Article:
The rationale of the Alexander case is equally applicable here. Under our education laws, the conducting of courses in physical education is a mandatory requirement for each local board of education. N.J.S.A. 18:14-93. That the construction, enlargement or repair of a stadium is reasonably related to the furtherance of some types of physical training cannot be disputed. And the formation and planning *238 of the prescribed courses in physical training is, subject to the general supervision and direction of the Commissioner (R.S. 18:14-95), left to the discretion of each local board.

Portions of the work performed upon the stadium were intended to accommodate school busses and other equipment. But it has been held that building a fence, furnishing a drinking-water supply and building a central heating plant separated from other buildings are all within the meaning of building a schoolhouse. See Chamberlain v. Cranbury, 58 N.J.L. 347, at p. 353 (E. & A. 1895); and Scola v. Board of Education, supra. A garage for transportation and maintenance facilities is equally as related to the building, enlargement or repair of a schoolhouse.


We next consider whether there was sufficient evidence in the record to support a verdict of conspiracy. The Appellate Division held that there was not.


The gravamen of an action in civil conspiracy is not the conspiracy itself but the underlying wrong which, absent the conspiracy, would give a right of action. Middlesex Concrete Products and Excavating Corp. v. The Carteret Industrial Ass'n, 37 N.J. 507; Kurtz v. Oremland, 33 N.J. Super. 443 (Ch. Div. 1954), affirmed on opinion below, 16 N.J. 454 (1954); Earl v. Winne, 14 N.J. 119 (1953); Louis Kamm, Inc. v. Flink, 113 N.J.L. 582 (E. & A. 1934). Proof of a conspiracy makes the conspirators jointly liable for the wrong and resulting damages. Here there was clearly sufficient evidence to support a verdict that a wrong had been done. Conflicts in the evidence were for the jury to resolve in the performance of its duty as the fact finder.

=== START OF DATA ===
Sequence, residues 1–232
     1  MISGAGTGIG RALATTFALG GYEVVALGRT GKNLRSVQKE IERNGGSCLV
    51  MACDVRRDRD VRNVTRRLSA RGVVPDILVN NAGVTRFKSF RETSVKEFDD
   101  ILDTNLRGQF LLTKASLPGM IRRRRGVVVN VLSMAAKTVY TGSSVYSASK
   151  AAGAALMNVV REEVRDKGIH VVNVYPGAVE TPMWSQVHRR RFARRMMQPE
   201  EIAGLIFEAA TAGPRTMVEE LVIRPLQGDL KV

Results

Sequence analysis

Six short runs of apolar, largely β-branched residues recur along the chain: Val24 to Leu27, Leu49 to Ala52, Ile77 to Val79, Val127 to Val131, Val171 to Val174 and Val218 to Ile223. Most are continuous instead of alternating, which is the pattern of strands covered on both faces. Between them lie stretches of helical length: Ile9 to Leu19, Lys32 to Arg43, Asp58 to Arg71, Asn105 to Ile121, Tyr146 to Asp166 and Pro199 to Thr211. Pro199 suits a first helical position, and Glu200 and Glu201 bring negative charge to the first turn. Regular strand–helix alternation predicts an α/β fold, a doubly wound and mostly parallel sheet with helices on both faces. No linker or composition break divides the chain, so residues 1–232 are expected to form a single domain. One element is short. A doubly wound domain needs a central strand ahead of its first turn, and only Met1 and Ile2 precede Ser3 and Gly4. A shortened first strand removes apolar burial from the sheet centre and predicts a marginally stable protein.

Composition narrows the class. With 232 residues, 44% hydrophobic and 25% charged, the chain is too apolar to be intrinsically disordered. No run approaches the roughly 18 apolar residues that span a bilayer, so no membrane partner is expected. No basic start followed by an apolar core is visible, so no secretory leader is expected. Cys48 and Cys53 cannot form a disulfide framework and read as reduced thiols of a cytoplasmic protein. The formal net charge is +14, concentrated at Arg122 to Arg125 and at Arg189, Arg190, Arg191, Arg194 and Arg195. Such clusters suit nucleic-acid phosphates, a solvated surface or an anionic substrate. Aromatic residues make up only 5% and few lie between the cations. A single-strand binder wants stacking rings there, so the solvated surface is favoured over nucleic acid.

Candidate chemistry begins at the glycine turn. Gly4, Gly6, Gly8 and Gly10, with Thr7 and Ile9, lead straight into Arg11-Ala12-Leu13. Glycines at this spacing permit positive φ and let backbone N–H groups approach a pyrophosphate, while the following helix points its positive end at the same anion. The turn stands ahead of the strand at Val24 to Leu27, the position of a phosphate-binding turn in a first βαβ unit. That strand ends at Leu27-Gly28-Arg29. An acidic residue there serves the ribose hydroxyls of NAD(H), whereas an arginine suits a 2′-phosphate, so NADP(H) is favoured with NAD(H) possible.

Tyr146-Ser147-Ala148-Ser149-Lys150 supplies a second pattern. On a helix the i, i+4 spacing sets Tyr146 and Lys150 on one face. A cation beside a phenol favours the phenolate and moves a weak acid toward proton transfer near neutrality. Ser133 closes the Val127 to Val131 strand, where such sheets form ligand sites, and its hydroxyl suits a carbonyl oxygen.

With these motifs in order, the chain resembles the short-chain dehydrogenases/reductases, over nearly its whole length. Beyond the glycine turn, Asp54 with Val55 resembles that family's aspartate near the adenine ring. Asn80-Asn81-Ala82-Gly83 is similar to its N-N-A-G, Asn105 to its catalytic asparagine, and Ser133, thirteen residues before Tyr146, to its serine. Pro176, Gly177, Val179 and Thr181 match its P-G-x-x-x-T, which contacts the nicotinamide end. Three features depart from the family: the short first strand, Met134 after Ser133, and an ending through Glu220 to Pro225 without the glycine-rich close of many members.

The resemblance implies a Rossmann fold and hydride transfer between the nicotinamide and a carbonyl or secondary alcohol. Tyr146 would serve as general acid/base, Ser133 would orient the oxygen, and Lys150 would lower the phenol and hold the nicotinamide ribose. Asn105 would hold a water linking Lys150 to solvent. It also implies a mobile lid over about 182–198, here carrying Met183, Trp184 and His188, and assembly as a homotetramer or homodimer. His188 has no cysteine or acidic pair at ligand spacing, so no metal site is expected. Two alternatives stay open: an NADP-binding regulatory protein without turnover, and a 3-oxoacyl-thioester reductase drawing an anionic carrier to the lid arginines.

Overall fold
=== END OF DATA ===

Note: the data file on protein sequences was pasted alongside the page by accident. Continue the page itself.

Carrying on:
Admittedly there was no direct evidence in the *239 record of an actual agreement between Hoek and Matthews to avoid the bidding statute. But it is well known that the nature of a conspiracy is such that more often than not the only type of evidence available to prove the conspiracy is circumstantial evidence. And although the verdict must not be the result of pure speculation (Sokolay v. Edlin, 65 N.J. Super. 112, 130 (App. Div. 1961)), circumstantial evidence will suffice. Louis Kamm, Inc., supra; Fife v. Great Atlantic & Pacific Tea Co., 356 Pa. 265, 52 A.2d 24, 27 (Sup. Ct. 1947).

In Louis Kamm, Inc., supra, a broker told the name of his client to the president of the prospective seller, but only after he had received an assurance that the president would keep the disclosure in strictest confidence. It later developed that the president's brother, also a broker, obtained the prospective buyer as his own client and negotiated the purchase from the seller. In doing so the brother used the name of a broker who had the use of his office rather than using his own name. The court held that the facts gave rise to an inference of sharp dealing and this coupled with the relationship of the defendants was sufficient circumstantial evidence to give rise to a legitimate inference of conspiracy.

The facts in the instant case give rise to an inference equally as strong as that in Louis Kamm, Inc., supra. The work on the projects was of a very similar nature and was performed on consecutive days. Moreover, Hoek frequently spoke with Matthews during the course of the years in issue. From these facts, when coupled with the great volume of work performed and the pattern evidenced by the vouchers, a jury might reasonably infer that Hoek and Matthews conspired together to deceive plaintiff and to avoid the bidding statute.

We should add that there was sufficient evidence from which the jury could also infer a conspiracy with respect to profit overcharges.

*240 B.